Recently, there have been several news agencies reporting on the harmfulness of e-liquid, the nicotine laced liquid that is used in electronic cigarettes. On March 23, 2014, New York Times published a story that many in the electronic cigarette community feel is a blatant attack on the e-cigarette industry. The article, filled with contradictory statistics, tells about children getting sick from ingesting nicotine and even a story of one man injecting himself with nicotine in order to commit suicide. Matt Richtel, author of the article, would have his readers believe that liquid nicotine is the most dangerous substance known to man; however, the most recent report from the American Association of Poison Control Centers’ National Data System (NPDS) tells a different story.
According the latest NPDS report which was published in 2012, there were 3,373,025 calls made nationally to poison control centers. Of those calls there were 2,275,141 human exposures and 66,440 animal exposures. 1,025,547 of those calls were for information only and 5,897 calls were confirmed as non-exposures.
The results of the report show The top five substance classes most frequently involved in all human exposures were analgesics (11.6%), cosmetics/personal care products (7.9%), household cleaning substances (7.2%), sedatives/hypnotics/antipsychotics (6.1%),and foreign bodies/toys/miscellaneous (4.1%). Electronic cigarette related calls were also recorded in the data gathered by the report, but the number of cases that were reported are not as severe as some news agencies are making them out to be.
The total number of calls to poison control regarding electronic cigarettes was 459. Of those calls, 447 were related to the e-cigarette device and/or cartridge containing nicotine while 12 of those calls were made regarding nicotine liquid. In relation to the total number of calls that were recorded in the report this data concludes that not even 1% (.01%) of the total calls recorded were electronic cigarette related.
Also mentioned in the report is tobacco related products which many people have replaced with e-cigarettes. The number of calls reported for tobacco products was 8,200. Of those 8,200 calls, 5881 were related to cigarettes, and 1 death was recorded from exposure to cigarettes.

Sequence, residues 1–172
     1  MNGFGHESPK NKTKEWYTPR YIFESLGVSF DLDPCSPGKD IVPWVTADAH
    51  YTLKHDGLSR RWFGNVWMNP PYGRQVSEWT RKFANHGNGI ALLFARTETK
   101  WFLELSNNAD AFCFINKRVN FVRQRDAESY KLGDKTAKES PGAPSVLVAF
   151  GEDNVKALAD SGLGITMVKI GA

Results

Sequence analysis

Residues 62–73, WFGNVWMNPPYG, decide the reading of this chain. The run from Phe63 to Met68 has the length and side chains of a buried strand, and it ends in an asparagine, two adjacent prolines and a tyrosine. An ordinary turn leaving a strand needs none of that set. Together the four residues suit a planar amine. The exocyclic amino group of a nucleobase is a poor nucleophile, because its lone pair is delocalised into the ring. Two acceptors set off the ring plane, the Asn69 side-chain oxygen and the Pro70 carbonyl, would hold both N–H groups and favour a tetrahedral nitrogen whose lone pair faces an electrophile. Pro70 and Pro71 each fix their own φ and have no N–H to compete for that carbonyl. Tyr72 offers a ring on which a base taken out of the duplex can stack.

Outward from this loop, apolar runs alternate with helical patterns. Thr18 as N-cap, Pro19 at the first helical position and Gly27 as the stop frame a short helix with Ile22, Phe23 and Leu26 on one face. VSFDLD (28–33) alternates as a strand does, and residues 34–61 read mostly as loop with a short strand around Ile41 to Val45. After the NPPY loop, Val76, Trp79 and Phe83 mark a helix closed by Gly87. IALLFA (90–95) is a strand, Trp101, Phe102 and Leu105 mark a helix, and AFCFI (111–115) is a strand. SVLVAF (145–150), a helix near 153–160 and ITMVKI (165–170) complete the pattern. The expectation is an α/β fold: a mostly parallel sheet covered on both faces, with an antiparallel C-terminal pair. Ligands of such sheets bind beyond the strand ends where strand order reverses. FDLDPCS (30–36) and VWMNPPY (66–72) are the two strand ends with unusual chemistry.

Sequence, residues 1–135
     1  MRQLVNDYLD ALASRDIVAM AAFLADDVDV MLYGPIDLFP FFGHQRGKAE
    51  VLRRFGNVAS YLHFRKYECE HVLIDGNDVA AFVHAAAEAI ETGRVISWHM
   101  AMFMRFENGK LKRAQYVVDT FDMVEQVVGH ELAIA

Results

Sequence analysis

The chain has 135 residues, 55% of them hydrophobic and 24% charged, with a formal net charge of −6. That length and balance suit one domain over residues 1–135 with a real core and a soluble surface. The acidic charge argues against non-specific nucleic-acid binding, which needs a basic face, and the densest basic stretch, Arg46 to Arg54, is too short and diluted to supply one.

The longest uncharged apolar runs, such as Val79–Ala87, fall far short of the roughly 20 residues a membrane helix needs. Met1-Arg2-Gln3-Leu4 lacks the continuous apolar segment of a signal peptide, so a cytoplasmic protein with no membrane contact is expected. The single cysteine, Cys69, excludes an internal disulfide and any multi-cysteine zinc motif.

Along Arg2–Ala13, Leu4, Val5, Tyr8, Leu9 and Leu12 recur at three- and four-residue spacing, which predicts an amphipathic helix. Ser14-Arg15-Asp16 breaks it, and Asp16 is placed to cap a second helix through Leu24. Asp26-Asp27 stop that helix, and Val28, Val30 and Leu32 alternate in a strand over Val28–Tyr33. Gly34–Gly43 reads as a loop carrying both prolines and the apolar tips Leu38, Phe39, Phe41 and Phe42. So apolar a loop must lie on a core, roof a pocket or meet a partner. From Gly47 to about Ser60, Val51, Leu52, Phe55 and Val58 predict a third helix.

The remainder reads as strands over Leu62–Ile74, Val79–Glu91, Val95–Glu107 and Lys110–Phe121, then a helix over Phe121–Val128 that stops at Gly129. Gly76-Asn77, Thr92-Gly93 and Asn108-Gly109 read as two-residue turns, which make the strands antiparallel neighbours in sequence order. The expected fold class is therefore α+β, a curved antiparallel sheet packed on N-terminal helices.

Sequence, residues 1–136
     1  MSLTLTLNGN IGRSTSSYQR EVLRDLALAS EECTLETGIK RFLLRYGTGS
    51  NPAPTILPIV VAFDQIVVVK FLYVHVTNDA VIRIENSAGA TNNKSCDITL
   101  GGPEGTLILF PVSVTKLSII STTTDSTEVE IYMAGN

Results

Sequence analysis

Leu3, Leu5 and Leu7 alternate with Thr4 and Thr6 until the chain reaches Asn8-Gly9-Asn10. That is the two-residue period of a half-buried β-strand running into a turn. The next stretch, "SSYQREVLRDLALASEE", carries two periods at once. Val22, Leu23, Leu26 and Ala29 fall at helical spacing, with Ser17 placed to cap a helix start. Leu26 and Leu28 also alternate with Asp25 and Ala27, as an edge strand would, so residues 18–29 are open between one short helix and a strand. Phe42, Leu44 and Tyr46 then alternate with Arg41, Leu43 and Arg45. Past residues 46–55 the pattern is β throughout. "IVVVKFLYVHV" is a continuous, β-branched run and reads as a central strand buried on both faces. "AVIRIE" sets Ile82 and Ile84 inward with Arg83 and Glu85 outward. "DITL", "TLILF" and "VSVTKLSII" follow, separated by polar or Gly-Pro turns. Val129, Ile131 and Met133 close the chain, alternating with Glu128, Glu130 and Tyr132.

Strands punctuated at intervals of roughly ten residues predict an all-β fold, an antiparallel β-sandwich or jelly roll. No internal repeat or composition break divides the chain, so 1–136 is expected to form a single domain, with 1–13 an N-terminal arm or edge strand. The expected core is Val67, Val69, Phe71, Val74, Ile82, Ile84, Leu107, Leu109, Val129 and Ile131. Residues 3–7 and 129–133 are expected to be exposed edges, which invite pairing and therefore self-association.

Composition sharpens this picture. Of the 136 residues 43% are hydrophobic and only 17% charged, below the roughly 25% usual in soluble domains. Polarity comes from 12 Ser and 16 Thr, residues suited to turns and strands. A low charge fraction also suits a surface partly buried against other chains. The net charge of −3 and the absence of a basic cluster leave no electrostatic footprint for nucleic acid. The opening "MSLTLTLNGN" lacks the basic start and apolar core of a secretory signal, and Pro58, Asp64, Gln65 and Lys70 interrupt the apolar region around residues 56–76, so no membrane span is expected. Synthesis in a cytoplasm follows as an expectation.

Still, these numbers pale in comparison to the number of analgesics, cosmetics/personal care products, household cleaning substances, sedatives/hypnotics/antipsychotics, and foreign bodies/toys/miscellaneous calls that are recorded in the report. The majority of calls that were made to poison control centers were related to children under the age of 5 which points out the real problem we have in America. People are not keeping harmful substances out of reach of their children.
On March 25, USA Today reported a warning that was issued by the American Association of Poison Control Centers for parents to keep liquid nicotine out of reach of children. The group has reported an increase in the number of calls regarding liquid nicotine, and says there have been 651 calls reported through March 24 of this year. There are no reports being made on the number of analgesics related calls that are being received for this year which clearly is the most major exposure America is dealing with right now.
It is clear that the electronic cigarette industry is growing as the number of people who have reported being able to quit smoking conventional cigarettes by using e-cigarettes has increased. It should therefore be no surprise that the number of reported cases of exposure to nicotine liquid have increased as well. The same could be said of any product where there is an increase in use. For example, if there was an increase in the number of people buying swimming pools, we would surely see reports of increased exposure to swimming pool water chemicals.
The bottom line is, it is great to warn parents who make it a habit of leaving harmful substances around their small children of the dangers of nicotine liquid, but to use the power and authority that news outlets have in attempt to blatantly scare consumers away from a product that has helped countless people quit smoking, is wrong. Evidence shows that a bottle of nicotine liquid poses far less of a risk to exposure compared to an analgesic product such as Tylenol, and any harmful substance can only do harm to children if parents act irresponsibly by leaving it sitting around for their children to have access to it.